The Three Lions boss has promised to make amends with the Manchester United defender, after admitting discussing his international future with fellow passengers on the Tube
The Three Lions boss was photographed talking to fellow passengers on the Jubilee Line train on Wednesday afternoon and has now confirmed that he did indeed talk about the 33-year-old's international future.
According to the Daily Mirror, Hodgson is alleged to have responded to questions over whether Ferdinand would play for England again by saying, "I very much doubt it. He hasn't played for England for quite a while. I have to say it is over for him and England. It has got to be the end of the road. He is pushing 34 and hasn't played for England for a long, long time."
The England manager addressed the issue during Thursday's press conference, declaring, "I'm very disappointed that the story has come out like that, and I'll apologize to Rio, because there's no way I would ever indicate that I wasn't going to use a player in that way. But the thing is that I didn’t choose him in the squad this time, and it's really just for the same reasons as before.
“We have other players, but I’m certainly not suggesting that it's the end of the line, and I would never dream of telling a player that it's the end of the line or end of the road, or whatever I'm supposed to have said. That's up to every player to decide for himself and hopefully that won't be the case, so when I speak to Rio I will make it clear to him that I haven't selected him in this squad, but who knows whether I will select him in the next one or not.
”I will leave it up to him to decide, so that if I ever do go to him, it will be up to Rio to decide whether he wants to be a part of it or not."
Hodgson also promised to be more careful with his small talk when travelling by public transport, joking that fellow commuters should not hold it against him if he remains tight-lipped from now on.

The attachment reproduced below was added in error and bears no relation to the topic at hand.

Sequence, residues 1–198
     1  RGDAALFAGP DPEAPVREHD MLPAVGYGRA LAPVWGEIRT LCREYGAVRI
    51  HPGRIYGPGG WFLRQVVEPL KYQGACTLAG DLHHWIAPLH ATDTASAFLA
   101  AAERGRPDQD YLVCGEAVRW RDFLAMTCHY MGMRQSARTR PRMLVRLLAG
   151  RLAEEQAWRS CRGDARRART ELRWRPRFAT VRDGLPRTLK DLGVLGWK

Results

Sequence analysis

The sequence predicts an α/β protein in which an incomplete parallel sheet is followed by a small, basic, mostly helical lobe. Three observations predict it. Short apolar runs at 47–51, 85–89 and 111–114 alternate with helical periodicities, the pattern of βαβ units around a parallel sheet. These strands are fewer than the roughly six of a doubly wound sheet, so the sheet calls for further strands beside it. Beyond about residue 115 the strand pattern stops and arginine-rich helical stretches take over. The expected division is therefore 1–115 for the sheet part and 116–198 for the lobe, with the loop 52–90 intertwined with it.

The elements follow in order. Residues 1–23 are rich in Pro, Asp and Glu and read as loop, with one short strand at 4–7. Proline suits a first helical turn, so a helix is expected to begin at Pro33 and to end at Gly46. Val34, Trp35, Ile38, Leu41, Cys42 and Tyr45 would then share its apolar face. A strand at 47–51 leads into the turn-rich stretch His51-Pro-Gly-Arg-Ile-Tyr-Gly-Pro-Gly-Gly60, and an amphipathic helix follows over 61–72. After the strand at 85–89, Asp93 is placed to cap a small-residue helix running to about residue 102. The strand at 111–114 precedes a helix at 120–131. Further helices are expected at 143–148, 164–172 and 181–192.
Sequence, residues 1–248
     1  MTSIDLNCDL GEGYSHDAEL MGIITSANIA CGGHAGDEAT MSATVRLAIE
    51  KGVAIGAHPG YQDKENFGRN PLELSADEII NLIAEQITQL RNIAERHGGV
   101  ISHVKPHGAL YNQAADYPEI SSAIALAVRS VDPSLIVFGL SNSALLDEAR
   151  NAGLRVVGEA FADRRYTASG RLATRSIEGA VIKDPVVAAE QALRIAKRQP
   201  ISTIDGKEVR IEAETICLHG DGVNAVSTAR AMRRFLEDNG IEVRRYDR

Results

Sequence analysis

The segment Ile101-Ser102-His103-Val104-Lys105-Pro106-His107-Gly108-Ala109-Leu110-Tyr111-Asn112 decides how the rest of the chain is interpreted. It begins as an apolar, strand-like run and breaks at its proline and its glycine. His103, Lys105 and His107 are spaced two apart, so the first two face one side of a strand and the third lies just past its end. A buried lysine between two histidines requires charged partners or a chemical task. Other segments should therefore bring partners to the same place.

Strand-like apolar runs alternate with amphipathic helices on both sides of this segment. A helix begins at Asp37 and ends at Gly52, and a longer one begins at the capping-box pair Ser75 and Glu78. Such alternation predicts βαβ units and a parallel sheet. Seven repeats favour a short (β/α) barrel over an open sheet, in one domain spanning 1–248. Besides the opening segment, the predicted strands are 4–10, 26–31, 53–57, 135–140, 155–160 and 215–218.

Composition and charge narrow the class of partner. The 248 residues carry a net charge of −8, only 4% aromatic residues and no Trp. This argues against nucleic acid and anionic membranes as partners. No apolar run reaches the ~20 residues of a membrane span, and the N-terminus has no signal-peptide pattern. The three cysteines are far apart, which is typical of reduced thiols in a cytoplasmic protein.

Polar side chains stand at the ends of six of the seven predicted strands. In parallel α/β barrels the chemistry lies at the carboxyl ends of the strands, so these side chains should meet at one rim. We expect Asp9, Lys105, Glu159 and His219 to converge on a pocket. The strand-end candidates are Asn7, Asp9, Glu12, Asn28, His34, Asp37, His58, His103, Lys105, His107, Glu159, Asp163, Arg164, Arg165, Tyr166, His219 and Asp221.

"All I remember saying is talking to quite a lot of people and one guy said, 'Is Rio in the next squad?' and I think I might have said 'I don't think so,'" the England boss added. "I think that's about as far as I went. I shouldn't have said that, though, that's a mistake. I need to apologize for that, I suppose.
"This is one of the hazards I suppose of travelling on Tube trains when you come up to London, which is the best way for me to travel, speaking to people on the Tube who will ask me questions rather than sitting there tight-lipped, refusing to open my mouth. I've paid for it. I shall learn in future, and maybe this will be a lesson for all people who see me on the Tube in the future: Please don't be offended if I refuse to answer any questions you ask me!"
"It’s a decision I regret, because he did well for me as a national coach in my short time working with him and he had a long career for England and it’s a decision I respect and accept," Hodgson said. "As a result it's important for me now to look to the future, the games in Brazil, if we're lucky enough to get there though qualification - they're in two years time.
"As far as I'm concerned, all I can do is thank John for the time I spent with him and the matches he played for me and to wish him well in his Chelsea career."
Finally, Hodgson admitted that Arsenal defender Carl Jenkinson narrowly missed out on a call-up and hailed some of the new faces in the squad.
"[Jenkinson's] a player we've talked a lot about, but on this occasion when we decided we didn't quite have that many places," Hodgson said. "He's certainly a player we'll think about in the future. He’s doing well, [Kieran] Gibbs, I think, has started the season exceptionally well which also applies to Aaron Lennon and Ryan Shawcross.
"I think they're players we need to see at closer hand. I see them from the stands but it will be nice to have a chance to work with them and see how they could contribute to the team we're trying to build up."